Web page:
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Values fall; taxes rise

GATESVILLE – If a proposal pitched by County Manager Natalie Rountree is approved, property owners in Gates County will see their ad valorem tax rate rise by roughly nine percent.

If there is any silver lining in that bad news, it comes in the fact that the tax hike will be assessed on lower property values.

At the May 3rd regularly scheduled meeting of the Gates County Board of Commissioners, Rountree said a mandated revaluation of all property in the county led to decreased values. In lieu of those lower property values, the ad valorem tax rate would need to rise from its current 68 cents (per $100 of value) to 76 cents.

“The revenue neutral rate (property taxes needed to generate the same amount of revenue used in the current year’s budget) is 75 cents (based on the lower property values due to revaluation),” Rountree stated. “I am recommending a tax rate of 76 cents.”

In a later interview, Rountree said a 75-cent tax rate would not generate enough funding.

“We would have to collect every single penny of the taxes due to the county at that (75-cent) rate,” she said. “I’m not aware of any county in the state that collects 100 percent of the property and motor vehicle taxes due to that county. We’ve set our collection rate at 98 percent.”

During that same interview, Rountree said revaluation showed that the total estimated property values in the county (real estate and vehicles) is $860,251,071. That represents a nine percent decrease over the current year’s total property assessment ($948,845,346). 

Among the highlights of the proposed budget, Rountree said the total budget is $15,520,549 of which $11,726,544 is General Fund. Both those figures are higher than the current year budget: $14,117,381 and $11,176,697 respectively.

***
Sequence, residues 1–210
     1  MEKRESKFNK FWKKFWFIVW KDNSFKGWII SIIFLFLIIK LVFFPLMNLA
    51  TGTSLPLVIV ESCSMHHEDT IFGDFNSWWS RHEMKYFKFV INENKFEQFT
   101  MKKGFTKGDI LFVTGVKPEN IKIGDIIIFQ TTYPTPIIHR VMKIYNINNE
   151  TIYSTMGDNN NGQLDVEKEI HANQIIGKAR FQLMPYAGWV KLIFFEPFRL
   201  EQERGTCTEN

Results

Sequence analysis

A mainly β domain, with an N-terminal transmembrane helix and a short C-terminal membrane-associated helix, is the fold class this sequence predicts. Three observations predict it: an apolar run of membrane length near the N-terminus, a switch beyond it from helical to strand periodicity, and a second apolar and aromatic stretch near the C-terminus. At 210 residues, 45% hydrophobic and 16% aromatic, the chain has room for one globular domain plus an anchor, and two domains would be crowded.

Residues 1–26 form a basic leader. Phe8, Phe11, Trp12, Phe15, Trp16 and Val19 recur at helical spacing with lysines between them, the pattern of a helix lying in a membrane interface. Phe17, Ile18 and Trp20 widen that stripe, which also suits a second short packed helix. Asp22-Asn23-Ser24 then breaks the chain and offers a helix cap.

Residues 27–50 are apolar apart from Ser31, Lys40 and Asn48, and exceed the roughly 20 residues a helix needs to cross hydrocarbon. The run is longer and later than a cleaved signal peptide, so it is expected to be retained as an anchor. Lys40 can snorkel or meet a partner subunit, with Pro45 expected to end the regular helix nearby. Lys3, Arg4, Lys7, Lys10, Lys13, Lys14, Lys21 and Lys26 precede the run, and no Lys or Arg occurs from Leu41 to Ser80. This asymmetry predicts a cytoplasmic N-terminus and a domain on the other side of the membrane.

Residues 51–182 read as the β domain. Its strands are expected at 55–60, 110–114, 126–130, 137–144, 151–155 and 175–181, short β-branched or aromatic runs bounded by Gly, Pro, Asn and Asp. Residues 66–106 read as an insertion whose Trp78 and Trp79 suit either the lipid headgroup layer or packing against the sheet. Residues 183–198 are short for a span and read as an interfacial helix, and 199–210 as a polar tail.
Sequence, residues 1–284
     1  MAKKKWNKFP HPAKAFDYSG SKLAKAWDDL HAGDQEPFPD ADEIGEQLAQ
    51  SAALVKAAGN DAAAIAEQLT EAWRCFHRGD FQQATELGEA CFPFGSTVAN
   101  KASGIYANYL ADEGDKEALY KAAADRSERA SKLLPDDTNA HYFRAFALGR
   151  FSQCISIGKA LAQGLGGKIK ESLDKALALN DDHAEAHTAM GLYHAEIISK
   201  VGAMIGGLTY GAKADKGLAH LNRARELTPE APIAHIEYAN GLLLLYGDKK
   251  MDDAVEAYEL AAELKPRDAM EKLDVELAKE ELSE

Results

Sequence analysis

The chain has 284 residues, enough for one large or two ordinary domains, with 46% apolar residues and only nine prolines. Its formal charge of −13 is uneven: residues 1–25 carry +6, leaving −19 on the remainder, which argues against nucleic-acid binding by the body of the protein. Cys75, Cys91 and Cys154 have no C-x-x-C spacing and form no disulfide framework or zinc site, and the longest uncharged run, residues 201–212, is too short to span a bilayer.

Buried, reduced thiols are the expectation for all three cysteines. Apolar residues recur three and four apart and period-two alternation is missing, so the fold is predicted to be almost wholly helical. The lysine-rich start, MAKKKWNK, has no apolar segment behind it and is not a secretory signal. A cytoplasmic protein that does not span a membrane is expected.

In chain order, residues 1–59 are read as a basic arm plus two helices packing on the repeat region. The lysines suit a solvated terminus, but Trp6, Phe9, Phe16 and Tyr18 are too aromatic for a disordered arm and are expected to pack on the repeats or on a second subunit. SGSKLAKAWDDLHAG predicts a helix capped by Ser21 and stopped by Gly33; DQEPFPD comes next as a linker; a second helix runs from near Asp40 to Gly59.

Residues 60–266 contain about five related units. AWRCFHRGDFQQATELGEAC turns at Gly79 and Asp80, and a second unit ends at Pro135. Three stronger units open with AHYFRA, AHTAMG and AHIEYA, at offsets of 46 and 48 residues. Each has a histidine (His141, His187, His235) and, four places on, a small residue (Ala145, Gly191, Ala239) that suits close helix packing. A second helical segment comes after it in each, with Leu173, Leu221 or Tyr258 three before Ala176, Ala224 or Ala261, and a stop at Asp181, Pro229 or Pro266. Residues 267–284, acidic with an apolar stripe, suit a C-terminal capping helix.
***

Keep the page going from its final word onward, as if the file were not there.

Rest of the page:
When asked about those increases, Rountree said $559,500 is newly budgeted money from the revised distribution formula for Article 44 state sales tax, covering the increase from the current year’s General Fund budget compared to the proposed 17-18 budget.

The total budget is 1.4 million higher than current year.

Taking that $559,500 into consideration, that leaves an increase in the total budget of $843,668. When asked by this newspaper where that money is budgeted, Rountree pointed to several areas.

“That money takes into account grants we receive that are specific to a department,” she said. “DSS (Department of Social Services) and the Cooperative Extension office receive grants every year that must be attributed specifically to those departments.

“I have also budgeted a one-time expense of $314,500 for new computer software for our Finance, Customer Service, Tax, and Inspections offices,” Rountree added.

Other financial drivers within the budget include one new part-time and one new full-time Tele- communications positions. Those positions are part of a requirement by the State 911 Board.

Also, Rountree is recommending a one percent cost of living adjustment within the salaries of all Gates County local government employees, including elected officials and the County Manager. Rountree said this will cost (with benefits) $39,625 and can be taken from the Governing Body Miscellaneous line item as well as from the Water Fund.